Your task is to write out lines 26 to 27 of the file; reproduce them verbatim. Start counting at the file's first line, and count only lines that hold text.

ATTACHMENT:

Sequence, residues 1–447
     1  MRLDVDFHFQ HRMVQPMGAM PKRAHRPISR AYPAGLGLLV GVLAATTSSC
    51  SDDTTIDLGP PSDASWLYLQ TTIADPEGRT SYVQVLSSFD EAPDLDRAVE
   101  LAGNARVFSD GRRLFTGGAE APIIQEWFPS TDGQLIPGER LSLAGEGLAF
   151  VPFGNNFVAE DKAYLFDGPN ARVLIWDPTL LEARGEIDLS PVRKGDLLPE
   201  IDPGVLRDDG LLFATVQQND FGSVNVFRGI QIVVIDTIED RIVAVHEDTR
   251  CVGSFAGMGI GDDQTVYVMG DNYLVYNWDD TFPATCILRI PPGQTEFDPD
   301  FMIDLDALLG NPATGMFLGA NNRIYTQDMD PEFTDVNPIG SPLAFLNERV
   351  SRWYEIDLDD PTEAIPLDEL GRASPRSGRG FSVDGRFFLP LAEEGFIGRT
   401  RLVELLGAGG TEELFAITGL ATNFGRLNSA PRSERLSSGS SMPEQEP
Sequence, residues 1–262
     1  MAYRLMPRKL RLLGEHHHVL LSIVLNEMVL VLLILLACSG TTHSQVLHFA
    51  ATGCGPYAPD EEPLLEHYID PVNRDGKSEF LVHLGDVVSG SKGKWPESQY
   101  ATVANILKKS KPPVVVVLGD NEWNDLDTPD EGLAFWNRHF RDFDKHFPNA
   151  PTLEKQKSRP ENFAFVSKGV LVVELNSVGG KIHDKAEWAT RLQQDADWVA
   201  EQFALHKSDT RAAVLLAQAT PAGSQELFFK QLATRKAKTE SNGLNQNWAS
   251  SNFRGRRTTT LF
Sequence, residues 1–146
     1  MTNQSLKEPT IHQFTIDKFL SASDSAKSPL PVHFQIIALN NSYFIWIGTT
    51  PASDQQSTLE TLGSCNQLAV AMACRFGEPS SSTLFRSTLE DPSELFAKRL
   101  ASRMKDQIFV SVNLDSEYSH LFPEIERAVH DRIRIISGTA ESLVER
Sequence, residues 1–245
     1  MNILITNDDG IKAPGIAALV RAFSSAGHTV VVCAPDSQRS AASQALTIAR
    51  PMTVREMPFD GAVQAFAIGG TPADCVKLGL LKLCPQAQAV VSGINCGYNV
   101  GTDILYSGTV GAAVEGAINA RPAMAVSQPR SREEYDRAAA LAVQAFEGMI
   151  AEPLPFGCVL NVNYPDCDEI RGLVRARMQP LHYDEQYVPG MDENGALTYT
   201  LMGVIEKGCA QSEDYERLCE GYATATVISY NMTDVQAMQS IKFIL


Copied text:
   151  AEPLPFGCVL NVNYPDCDEI RGLVRARMQP LHYDEQYVPG MDENGALTYT
   201  LMGVIEKGCA QSEDYERLCE GYATATVISY NMTDVQAMQS IKFIL